toronto airbnb

Start of new Airbnb rules in Toronto delayed at least a year

The City of Toronto won't be cracking down on short-term rental operators (read: Airbnb-lords) who book out apartments they don't live in this year, after all.

Good news for people with a stable of cheap units at City Place, but not the best news for Toronto's already hard up rental market.

Councillors voted 40-3 last December in favour of a "registration and licensing program" for all short-term rental activity in Toronto.

The city's Licensing and Standards Committee explained in a report recommending the idea late last year that these unregulated, so-called "ghost hotels" are having negative impacts on housing affordability and availability.

The rules, which should have come into effect this summer, would have required anyone renting out a short-term space — which would have to be a full home that they live in — to register with the city for an annual fee of $50.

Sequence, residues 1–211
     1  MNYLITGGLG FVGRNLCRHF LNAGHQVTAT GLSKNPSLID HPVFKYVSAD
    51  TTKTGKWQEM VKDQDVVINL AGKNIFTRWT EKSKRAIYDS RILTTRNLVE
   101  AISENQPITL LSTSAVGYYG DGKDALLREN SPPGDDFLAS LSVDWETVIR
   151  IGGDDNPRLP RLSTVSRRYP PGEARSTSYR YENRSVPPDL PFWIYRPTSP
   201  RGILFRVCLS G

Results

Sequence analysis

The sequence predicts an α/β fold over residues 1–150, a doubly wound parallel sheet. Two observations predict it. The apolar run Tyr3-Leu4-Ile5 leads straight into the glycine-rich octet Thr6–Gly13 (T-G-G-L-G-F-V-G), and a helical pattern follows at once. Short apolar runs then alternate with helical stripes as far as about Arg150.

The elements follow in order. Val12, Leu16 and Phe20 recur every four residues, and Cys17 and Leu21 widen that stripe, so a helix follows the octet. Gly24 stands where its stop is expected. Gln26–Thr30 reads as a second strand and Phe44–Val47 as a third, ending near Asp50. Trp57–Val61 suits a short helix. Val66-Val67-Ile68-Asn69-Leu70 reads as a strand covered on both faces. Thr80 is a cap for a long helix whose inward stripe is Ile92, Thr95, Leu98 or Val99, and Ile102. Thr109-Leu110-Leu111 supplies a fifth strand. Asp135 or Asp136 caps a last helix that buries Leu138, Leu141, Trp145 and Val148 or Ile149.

It would also restrict the amount of time they could rent their spaces out to 180 nights.

That's not going to happen, however — at least not for some time, thanks to the postponement of an appeal tribunal contesting the city's vote.

Toronto's Local Planning Appeal Tribunal was scheduled for two days last week, according to The Star, but when it was learned that this situation would take five days to resolve, the tribunal was rescheduled "for the next date when a hearing room, the adjudicators and all parties involved were available."

They'll be meeting again to discuss the manner on Aug. 26, 2019 — nearly an entire year away.

Then, the tribunal could then take up to eight weeks to release its decision while long-term rental units dwindle in the shadow of more lucrative Airbnb-type situations.

Lead photo by

Airbnb


Join the conversation Load comments

Latest in Real Estate

This is what's replacing the old Mr. Christie cookie factory in Toronto

This new Toronto condo will come with an urban forest out front

Toronto renters are now staging protests outside the mansions of their landlords

Doug Ford warns greedy commercial landlords in Ontario not to push him

Toronto rent prices keep going down as the pandemic rages on

These neighbourhoods in Toronto have seen the biggest drop in condo apartment prices

Rent and condo prices fall in Toronto as pandemic takes its toll

People are being evicted from a Toronto building to make way for a coworking space